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Eur Spine J. 2009 Dec;18(12):1892-7. doi: 10.1007/s00586-009-1065-y. Epub 2009 Jun 14.

Evaluation of thoracic pedicle screw placement in adolescent idiopathic scoliosis.

Author information

1
Department of Orthopaedics and Traumatology, Kocaeli University, School of Medicine, Umuttepe Merkez Kampüsü, 41380, Umuttepe, Kocaeli, Turkey. kouortopcom@yahoo.com

Abstract

Pedicle screw fixation is a challenging procedure in thoracic spine, as inadvertently misplaced screws have high risk of complications. The accuracy of pedicle screws is typically defined as the screws axis being fully contained within the cortices of the pedicle. One hundred and eighty-five thoracic pedicle screws in 19 patients that were drawn from a total of 1.797 screws in 148 scoliosis patients being suspicious of medial and lateral malpositioning were investigated, retrospectively. Screw containment and the rate of misplacement were determined by postoperative axial CT sections. Medial screw malposition was measured between medial pedicle wall and medial margin of the pedicle screw. The distance between lateral margin of the pedicle screw and lateral vertebral corpus was measured in lateral malpositions. A screw that violated medially greater than 2 mm, while lateral violation greater than 6 mm was rated as an "unacceptable screw". The malpositions were medial in 20 (10.8%) and lateral in 34 (18.3%) screws. Medially, nine screws were rated as acceptable. Of the 29 acceptable lateral misplacement, 13 showed significant risk; five to aorta, six to pleura, one to azygos vein and one to trachea. The acceptability of medial pedicle breach may change in each level with different canal width and a different amount of cord shift. In lateral acceptable malpositions, the aorta is always at a risk by concave-sided screws. This CT-based study demonstrated that T4-T9 concave segments have a smaller safe zone with respect to both cord-aorta injury in medial and lateral malpositions. In these segments, screws should be accurate and screw malposition is to be unacceptable.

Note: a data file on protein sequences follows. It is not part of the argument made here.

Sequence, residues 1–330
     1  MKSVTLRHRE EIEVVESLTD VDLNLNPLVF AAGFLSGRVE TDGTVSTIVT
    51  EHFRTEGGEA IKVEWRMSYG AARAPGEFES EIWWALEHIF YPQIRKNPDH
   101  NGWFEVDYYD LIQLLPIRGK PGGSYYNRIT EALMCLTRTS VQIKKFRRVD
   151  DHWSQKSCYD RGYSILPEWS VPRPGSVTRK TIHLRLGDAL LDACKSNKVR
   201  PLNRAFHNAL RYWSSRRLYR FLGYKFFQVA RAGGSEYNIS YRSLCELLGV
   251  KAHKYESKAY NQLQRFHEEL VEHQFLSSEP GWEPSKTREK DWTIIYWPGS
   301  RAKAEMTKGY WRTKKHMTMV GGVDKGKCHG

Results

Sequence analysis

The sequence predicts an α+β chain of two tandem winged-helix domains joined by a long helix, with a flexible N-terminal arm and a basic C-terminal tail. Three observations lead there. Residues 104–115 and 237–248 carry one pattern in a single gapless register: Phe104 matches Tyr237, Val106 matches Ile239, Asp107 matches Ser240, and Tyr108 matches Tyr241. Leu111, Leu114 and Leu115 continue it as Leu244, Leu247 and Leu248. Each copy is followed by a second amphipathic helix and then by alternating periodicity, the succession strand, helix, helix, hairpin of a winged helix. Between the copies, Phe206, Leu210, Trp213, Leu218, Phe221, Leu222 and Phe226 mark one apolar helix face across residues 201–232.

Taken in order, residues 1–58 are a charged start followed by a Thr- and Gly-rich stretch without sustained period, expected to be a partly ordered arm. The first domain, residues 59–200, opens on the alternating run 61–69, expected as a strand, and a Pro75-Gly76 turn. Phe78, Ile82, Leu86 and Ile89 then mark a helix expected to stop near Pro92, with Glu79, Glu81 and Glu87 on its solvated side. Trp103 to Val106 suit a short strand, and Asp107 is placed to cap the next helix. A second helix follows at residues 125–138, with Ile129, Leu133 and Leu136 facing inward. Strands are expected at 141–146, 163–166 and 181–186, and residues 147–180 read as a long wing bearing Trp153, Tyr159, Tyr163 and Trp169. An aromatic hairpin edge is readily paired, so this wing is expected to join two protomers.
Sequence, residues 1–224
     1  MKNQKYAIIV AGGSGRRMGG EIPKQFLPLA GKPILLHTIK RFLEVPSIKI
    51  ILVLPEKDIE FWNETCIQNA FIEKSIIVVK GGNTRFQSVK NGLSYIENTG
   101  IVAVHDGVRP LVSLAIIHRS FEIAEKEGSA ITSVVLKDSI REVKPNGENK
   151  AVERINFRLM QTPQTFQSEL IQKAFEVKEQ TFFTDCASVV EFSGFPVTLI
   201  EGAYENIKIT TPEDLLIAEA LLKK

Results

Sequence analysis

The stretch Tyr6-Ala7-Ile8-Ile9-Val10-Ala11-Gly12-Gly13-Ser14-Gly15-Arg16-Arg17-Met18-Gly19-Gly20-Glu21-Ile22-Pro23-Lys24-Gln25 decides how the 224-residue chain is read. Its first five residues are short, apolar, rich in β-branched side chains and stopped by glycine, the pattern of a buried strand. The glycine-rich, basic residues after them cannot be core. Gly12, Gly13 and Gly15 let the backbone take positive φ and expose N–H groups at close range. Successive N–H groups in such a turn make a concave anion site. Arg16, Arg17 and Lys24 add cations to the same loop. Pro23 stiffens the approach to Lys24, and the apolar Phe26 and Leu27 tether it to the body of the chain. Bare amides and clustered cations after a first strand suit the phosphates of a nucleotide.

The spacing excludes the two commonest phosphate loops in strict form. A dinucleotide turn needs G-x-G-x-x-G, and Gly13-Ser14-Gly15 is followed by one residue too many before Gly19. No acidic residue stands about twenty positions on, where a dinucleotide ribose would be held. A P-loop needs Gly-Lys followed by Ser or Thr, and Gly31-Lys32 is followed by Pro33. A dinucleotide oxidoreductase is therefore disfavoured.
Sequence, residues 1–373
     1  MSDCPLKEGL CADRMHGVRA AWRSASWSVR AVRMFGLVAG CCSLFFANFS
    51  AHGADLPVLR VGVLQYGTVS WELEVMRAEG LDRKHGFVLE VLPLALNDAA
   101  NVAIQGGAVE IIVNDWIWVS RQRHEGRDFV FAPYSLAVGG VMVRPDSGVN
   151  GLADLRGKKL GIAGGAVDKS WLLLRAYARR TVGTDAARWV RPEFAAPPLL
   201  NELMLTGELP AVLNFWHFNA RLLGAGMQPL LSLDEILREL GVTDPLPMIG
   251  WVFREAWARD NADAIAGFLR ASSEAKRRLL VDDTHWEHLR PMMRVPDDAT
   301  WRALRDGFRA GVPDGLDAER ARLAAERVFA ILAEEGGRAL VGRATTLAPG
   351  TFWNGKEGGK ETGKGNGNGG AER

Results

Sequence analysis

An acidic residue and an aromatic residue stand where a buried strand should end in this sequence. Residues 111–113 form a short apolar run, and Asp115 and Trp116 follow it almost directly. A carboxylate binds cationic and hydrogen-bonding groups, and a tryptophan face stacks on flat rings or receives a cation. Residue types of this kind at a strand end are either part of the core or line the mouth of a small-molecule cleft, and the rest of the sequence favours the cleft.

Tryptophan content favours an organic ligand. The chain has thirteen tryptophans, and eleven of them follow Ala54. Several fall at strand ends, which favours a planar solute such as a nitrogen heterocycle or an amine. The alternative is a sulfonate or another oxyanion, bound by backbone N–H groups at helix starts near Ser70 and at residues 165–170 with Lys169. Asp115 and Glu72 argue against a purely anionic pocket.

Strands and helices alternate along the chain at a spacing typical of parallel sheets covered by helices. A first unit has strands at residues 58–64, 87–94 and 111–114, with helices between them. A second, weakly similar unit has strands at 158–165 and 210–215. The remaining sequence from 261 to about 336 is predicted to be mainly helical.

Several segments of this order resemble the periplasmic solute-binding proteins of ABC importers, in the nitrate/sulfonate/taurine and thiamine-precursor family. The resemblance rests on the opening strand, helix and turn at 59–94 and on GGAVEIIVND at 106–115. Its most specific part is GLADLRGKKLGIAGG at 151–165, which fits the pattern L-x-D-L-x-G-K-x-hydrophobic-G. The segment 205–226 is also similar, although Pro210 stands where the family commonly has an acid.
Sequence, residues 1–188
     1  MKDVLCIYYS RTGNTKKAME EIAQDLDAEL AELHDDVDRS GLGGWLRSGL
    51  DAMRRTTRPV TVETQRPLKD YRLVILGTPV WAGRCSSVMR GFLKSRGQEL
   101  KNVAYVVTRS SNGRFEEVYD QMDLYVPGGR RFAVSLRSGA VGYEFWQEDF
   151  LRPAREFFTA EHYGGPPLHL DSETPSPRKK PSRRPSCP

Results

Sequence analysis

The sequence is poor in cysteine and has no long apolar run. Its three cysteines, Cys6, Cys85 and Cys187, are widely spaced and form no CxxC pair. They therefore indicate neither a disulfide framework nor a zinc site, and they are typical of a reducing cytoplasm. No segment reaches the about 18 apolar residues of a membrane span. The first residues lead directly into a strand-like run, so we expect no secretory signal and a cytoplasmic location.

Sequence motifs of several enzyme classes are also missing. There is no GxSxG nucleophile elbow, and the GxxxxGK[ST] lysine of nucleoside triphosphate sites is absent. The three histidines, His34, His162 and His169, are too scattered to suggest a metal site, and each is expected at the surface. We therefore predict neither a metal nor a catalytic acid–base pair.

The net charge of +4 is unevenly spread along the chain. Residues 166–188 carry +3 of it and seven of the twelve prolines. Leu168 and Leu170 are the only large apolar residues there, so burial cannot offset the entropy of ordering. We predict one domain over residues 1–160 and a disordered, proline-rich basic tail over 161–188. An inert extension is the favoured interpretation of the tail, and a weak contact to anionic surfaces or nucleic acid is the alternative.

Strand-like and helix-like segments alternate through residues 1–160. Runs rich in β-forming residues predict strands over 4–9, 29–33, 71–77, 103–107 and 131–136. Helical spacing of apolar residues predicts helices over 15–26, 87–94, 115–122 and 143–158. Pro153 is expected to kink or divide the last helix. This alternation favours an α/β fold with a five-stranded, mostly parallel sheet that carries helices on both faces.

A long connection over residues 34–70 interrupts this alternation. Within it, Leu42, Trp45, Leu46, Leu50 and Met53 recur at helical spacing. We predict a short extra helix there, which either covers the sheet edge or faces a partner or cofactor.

PMID:
19526376
PMCID:
PMC2899438
DOI:
10.1007/s00586-009-1065-y
[Indexed for MEDLINE]
Free PMC Article

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